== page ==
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Oncotarget. 2015 Oct 20;6(32):33046-64. doi: 10.18632/oncotarget.5422.

Repurposing the anti-malarial drug artesunate as a novel therapeutic agent for metastatic renal cell carcinoma due to its attenuation of tumor growth, metastasis, and angiogenesis.

Author information

1
Department of Health Sciences and Technology, SAIHST, Sungkyunkwan University, Seoul, Korea.
2
Department of Anatomy and Cell Biology, Samsung Medical Center, Sungkyunkwan University School of Medicine, Seoul, Korea.
3
Department of Pathology and Translational Genomics, Samsung Medical Center, Sungkyunkwan University School of Medicine, Seoul, Korea.
4
Institute for Refractory Cancer Research, Samsung Medical Center, Sungkyunkwan University School of Medicine, Seoul, Korea.
5
Department of Urology, Samsung Medical Center, Sungkyunkwan University School of Medicine, Seoul, Korea.
6
Department of Neurosurgery, Samsung Medical Center, Sungkyunkwan University School of Medicine, Seoul, Korea.
7
Research Institute for Future Medicine, Samsung Medical Center, Sungkyunkwan University School of Medicine, Seoul, Korea.

Abstract

Despite advances in the development of molecularly targeted therapies, metastatic renal cell carcinoma (RCC) is still incurable. Artesunate (ART), a well-known anti-malarial drug with low toxicity, exhibits highly selective anti-tumor actions against various tumors through generation of cytotoxic carbon-centered free radical in the presence of free iron. However, the therapeutic efficacy of ART against metastatic RCC has not yet been fully elucidated. In the analysis on a dataset from The Cancer Genome Atlas (TCGA) (n = 469) and a tissue microarray set from Samsung Medical Center (n = 119) from a cohort of patients with clear cell RCC (ccRCC), up-regulation of transferrin receptor 1 (TfR1), which is a well-known predictive marker for ART, was correlated with the presence of distant metastasis and an unfavorable prognosis. Moreover, ART exerted potent selective cytotoxicity against human RCC cell lines (Caki-1, 786-O, and SN12C-GFP-SRLu2) and sensitized these cells to sorafenib in vitro, and the extent of ART cytotoxicity correlated with TfR1 expression. ART-mediated growth inhibition of human RCC cell lines was shown to result from the induction of cell cycle arrest at the G2/M phase and oncosis-like cell death. Furthermore, ART inhibited cell clonogenicity and invasion of human RCC cells and anti-angiogenic effects in vitro in a dose-dependent manner. Consistent with these in vitro data, anti-tumor, anti-metastatic and anti-angiogenic effects of ART were also validated in human 786-O xenografts. Taken together, ART is a promising novel candidate for treating human RCC, either alone or in combination with other therapies.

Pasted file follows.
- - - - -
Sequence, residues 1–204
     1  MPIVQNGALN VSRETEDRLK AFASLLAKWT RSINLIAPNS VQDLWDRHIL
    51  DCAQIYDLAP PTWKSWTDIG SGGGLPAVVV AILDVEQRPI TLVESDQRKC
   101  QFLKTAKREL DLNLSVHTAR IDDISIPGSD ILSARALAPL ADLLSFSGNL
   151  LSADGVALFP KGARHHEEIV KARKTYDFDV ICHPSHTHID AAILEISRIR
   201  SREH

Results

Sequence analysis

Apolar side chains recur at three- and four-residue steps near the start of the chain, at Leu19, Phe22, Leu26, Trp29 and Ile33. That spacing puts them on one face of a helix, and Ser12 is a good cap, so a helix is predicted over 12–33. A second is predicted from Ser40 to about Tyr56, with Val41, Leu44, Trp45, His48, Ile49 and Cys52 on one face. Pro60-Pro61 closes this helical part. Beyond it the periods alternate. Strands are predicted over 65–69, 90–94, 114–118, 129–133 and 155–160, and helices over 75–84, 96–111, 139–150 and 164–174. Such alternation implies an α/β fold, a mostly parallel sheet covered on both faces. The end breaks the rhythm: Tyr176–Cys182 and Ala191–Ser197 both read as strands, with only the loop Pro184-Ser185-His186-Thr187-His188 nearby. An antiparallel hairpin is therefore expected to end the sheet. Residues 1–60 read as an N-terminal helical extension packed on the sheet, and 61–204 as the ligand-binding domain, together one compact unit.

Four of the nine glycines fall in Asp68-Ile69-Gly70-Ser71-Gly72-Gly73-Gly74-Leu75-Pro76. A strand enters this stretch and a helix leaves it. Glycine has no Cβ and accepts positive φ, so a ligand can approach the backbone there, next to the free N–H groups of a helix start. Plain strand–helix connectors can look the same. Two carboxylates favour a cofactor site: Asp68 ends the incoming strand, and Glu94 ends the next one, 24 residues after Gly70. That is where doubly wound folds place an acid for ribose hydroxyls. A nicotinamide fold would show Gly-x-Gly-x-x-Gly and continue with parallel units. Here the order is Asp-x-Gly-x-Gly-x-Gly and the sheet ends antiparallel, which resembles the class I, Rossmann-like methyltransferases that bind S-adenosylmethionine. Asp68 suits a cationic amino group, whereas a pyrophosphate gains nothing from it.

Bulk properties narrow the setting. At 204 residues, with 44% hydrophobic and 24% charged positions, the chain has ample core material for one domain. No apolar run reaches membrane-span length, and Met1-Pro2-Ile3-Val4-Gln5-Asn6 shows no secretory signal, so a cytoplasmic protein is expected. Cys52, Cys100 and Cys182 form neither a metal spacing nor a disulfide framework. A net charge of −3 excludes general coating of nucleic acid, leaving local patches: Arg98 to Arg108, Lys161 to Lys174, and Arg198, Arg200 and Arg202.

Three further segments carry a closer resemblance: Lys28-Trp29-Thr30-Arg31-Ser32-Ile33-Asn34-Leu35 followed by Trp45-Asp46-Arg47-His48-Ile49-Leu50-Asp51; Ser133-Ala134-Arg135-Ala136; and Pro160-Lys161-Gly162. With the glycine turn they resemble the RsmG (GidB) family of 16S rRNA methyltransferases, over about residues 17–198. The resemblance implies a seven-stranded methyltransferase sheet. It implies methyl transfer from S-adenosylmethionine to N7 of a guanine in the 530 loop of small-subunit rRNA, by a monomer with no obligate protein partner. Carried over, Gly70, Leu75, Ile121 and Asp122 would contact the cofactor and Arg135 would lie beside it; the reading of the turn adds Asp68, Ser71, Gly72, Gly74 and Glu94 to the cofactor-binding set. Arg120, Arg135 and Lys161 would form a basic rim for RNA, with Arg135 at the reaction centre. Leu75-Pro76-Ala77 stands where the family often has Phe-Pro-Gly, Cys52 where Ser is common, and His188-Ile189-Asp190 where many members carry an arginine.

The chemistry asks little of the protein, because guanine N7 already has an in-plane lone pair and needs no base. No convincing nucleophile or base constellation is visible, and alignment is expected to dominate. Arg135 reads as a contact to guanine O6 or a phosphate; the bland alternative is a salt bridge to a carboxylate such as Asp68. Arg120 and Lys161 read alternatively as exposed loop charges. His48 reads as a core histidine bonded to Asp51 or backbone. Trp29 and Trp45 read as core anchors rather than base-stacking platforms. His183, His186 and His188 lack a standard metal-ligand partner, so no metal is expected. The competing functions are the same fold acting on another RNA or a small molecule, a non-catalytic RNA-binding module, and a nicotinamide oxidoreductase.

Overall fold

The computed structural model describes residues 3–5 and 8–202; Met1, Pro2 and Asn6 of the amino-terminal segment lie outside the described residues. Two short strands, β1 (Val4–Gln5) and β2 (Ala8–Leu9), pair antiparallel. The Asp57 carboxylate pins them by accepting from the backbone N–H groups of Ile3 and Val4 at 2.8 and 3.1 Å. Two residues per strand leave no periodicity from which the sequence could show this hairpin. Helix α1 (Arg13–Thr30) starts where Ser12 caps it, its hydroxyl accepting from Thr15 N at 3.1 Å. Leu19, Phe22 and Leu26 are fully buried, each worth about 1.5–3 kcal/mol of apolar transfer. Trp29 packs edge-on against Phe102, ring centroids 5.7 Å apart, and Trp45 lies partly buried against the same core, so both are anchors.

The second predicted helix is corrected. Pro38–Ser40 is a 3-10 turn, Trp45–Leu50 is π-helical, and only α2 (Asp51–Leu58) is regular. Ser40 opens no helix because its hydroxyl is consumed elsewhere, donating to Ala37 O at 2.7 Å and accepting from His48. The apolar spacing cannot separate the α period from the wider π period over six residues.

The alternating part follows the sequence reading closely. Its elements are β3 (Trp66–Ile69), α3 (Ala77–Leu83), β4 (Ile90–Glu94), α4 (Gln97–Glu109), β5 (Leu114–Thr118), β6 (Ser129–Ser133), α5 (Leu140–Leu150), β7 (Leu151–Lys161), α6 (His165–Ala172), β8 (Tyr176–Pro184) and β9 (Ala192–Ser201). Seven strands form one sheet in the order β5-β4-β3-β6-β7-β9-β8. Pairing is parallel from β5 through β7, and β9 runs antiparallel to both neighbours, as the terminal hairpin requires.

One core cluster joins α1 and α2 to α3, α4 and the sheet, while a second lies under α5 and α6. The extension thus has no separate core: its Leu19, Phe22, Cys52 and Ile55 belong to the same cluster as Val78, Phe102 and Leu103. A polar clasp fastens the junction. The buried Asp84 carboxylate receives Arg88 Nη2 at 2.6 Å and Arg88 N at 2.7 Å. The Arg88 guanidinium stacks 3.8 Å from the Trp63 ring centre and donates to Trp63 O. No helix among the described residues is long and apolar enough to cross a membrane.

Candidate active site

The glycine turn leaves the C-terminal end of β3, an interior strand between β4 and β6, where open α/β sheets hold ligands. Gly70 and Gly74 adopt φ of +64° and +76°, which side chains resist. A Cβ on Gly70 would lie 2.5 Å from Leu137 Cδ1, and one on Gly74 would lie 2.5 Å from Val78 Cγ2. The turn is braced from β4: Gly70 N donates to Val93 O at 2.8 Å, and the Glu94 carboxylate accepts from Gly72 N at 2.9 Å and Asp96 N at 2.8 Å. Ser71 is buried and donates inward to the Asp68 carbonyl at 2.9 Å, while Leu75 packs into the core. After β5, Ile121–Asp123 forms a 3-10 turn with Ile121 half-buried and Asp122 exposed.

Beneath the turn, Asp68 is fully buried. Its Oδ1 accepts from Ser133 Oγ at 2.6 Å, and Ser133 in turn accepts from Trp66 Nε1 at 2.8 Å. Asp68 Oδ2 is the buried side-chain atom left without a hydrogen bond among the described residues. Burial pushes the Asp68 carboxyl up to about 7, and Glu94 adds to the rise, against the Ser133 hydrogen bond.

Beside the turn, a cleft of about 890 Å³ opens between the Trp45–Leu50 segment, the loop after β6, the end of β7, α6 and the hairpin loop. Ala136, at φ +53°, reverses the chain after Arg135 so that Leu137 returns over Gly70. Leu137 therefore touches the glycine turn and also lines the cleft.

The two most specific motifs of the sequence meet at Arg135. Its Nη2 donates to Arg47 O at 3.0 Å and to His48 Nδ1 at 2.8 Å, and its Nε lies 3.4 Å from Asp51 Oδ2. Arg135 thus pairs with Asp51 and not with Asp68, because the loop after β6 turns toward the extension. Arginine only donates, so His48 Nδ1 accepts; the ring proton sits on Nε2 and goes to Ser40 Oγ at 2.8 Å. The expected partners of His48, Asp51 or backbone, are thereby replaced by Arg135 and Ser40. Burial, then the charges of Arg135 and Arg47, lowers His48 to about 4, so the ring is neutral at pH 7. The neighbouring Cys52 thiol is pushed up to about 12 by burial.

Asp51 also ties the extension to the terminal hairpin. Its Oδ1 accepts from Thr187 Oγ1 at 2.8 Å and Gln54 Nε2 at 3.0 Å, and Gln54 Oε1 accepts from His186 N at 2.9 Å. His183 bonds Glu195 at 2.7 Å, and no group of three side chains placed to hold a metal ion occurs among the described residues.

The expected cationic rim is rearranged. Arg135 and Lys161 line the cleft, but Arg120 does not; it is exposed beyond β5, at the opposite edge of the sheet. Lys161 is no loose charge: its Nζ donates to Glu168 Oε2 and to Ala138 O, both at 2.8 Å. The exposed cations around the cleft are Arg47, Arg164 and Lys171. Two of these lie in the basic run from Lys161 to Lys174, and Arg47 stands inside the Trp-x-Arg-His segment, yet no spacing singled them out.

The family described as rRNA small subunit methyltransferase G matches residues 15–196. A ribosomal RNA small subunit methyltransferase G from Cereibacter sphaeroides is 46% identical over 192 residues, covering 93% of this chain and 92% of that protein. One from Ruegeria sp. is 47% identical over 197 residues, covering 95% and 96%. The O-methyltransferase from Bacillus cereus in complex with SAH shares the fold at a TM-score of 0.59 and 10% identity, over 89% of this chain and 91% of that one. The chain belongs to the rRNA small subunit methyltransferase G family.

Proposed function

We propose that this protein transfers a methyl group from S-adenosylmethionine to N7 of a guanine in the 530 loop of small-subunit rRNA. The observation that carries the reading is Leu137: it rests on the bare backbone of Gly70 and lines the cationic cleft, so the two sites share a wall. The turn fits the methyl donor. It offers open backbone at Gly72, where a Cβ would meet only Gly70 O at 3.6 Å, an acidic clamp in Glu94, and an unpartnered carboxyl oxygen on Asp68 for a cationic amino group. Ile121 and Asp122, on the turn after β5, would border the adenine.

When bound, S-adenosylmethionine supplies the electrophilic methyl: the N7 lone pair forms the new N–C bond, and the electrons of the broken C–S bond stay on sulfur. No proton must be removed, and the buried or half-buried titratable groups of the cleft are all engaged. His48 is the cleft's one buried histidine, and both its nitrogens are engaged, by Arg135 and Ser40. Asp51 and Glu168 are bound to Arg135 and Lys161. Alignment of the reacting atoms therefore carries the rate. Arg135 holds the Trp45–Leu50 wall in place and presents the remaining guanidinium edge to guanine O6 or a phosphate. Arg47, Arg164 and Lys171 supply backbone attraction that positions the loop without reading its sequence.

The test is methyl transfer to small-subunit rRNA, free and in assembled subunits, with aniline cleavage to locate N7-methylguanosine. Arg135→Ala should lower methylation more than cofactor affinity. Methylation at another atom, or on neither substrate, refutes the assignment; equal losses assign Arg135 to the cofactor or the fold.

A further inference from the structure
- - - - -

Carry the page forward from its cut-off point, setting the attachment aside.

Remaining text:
KEYWORDS:

artesunate; drug repurposing; metastasis; oncosis; renal cell carcinoma

PMID:
26426994
PMCID:
PMC4741748
DOI:
10.18632/oncotarget.5422
[Indexed for MEDLINE]
Free PMC Article

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